Fresh off winning a World Cup in France, the U.S. women’s national team opened its five-game Victory Tour, beating Ireland 3-0 on Saturday at the Rose Bowl, displaying the dominance that many fans are accustomed to seeing. Tobin Heath — a last-minute starter in place of Mallory Pugh — struck first, scoring on a header from a Christen Press pass in the 16th minute.
Lindsey Horan and Carli Lloyd also added first-half goals at the 31st and 41st minute, respectively.
But there was more on display than just soccer. It wasn’t about a swift victory over Ireland, it was a show of solidarity and support for everything the women’s national team represents and is fighting for.
“We are here because we followed the whole World Cup. We watched it together as a family. It’s nice to have the team out here to watch them live,” said Bakersfield resident Andy Stanley, who attended with his wife and daughter. “I think that the visibility of the team is a great show of the advancement of women in our country.”
The team was not without controversies this summer. Controversy over celebrations arose after the first group game against Thailand, a 13-0 rout, and before it traveled to Paris, the team sued U.S. Soccer Federation for equal pay. Throughout their World Cup run, the women have become also synonymous with pay equality. Instead of the traditional “U-S-A” chants heard during national team games, the fans at the Rose Bowl shouted, “Equal Pay!”
The general consensus among fans is that the women deserve equal pay, but questions of what is equal and how to achieve equal pay leave many fans baffled. Long Beach residents Debbie Morris and her wife, Wendy Morris, are avid soccer fans, but they don’t believe equal pay can be easily achieved .
“I played soccer. I love soccer. Equal pay is good, but unfortunately unless we have the support of other women and people going to the games, I don’t see it happening,” Debbie Morris said. “There are steps to try to improve [pay], but it’s a matter of getting people to come out and watch it and having NWSL games on television.”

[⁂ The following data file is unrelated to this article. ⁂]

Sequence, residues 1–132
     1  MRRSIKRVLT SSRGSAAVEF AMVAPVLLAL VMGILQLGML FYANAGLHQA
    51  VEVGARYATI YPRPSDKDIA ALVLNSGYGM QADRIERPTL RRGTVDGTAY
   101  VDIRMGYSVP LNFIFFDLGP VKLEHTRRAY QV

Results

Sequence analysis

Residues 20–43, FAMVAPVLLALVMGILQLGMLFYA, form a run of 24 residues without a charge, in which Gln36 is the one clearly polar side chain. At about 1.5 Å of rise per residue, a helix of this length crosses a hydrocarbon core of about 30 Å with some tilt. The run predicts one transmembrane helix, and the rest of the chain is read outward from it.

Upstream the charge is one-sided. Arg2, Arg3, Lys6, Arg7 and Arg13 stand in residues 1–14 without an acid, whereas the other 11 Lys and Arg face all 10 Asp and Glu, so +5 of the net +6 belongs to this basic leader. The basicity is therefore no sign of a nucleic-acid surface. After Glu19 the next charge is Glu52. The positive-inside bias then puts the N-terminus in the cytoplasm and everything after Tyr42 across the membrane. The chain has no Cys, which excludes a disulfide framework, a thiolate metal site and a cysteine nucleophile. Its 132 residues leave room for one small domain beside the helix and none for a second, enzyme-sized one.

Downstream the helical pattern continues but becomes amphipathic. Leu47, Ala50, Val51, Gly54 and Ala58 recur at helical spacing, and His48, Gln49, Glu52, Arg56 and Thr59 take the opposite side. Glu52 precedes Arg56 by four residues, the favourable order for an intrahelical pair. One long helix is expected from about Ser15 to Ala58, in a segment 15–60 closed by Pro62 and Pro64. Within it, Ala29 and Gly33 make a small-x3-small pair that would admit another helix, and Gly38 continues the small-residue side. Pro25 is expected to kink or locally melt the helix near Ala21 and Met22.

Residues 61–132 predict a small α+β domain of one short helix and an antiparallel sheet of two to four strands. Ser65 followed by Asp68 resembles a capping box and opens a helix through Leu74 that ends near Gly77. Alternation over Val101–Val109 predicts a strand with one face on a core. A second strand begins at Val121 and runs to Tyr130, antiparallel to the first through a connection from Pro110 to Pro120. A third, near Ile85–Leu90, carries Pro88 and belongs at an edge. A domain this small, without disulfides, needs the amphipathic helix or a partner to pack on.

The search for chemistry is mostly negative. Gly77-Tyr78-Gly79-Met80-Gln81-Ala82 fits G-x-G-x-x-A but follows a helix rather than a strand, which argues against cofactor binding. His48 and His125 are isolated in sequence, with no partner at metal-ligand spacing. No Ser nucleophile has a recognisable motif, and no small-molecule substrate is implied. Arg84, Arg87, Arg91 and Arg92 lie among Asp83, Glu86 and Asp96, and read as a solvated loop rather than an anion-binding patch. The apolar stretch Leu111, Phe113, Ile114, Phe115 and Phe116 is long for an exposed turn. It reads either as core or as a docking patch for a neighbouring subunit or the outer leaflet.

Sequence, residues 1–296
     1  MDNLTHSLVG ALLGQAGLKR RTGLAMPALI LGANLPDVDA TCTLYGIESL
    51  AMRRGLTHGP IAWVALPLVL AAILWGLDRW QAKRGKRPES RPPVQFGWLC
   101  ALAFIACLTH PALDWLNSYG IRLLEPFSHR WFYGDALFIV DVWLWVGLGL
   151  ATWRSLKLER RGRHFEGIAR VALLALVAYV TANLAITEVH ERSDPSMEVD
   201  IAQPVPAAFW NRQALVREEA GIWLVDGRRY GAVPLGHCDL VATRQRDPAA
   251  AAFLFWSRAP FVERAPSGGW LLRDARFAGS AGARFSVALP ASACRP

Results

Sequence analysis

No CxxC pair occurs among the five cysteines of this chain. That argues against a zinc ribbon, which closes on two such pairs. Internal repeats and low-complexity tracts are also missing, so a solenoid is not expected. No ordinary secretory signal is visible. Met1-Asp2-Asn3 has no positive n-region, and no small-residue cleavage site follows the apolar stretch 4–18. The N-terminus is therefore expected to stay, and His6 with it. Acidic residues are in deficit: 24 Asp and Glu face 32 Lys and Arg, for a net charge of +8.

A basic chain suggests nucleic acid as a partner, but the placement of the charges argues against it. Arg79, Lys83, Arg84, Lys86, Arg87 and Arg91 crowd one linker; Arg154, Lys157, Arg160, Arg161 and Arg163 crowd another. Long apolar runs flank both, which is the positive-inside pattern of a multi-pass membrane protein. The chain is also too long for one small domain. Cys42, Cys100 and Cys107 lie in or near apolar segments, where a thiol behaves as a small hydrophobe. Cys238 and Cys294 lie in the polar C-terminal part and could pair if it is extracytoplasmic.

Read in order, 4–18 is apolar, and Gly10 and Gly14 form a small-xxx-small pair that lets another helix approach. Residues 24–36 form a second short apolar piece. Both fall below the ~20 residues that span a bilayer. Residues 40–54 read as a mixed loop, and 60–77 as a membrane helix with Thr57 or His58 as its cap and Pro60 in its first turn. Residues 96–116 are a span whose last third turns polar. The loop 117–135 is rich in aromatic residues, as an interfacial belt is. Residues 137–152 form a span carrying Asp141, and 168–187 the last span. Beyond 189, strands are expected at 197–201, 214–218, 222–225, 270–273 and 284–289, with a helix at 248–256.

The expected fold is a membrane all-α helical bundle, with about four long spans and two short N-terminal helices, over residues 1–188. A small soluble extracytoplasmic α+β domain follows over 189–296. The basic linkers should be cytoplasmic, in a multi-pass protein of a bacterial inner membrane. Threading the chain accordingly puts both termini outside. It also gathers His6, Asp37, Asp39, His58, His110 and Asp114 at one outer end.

The message and sentiments about pay inequality have trickled down to the younger generation as well.
Little girls adorned in red, white, and blue T-shirts with the famous Megan Rapinoe open-arms pose have learned more about the pay inequality in the last month than most children their age.
I saw it on [television],” replied a 7-year-old named Paige. “They’re trying to get more money.”
“They’re suing because they are paying the men more than the women,” said an 8-year-old girl from Ventura, whose parents asked that she remain anonymous.
“Yes, it’s fair,” she replied when asked if they should be paid more.
If only it were that simple. The Wall Street Journal reported that the women’s team generated more revenue than the men’s team from the most recent three-year period. U.S. Soccer said it actually paid the women’s team $7.7 million more than the men’s team between 2010-2018.
U.S. defender Abby Dahlkemper found it encouraging to know young children understand the importance of fairness.
“I think that’s really cool and special,” she said. “I think that equal pay is kind of an issue outside of soccer, as well. I think it’s prevalent in all work places. I think that there’s this movement now that [women] are coming together and gaining power. I think that it’s really powerful and I think it’s special and hopefully we can see some changes.”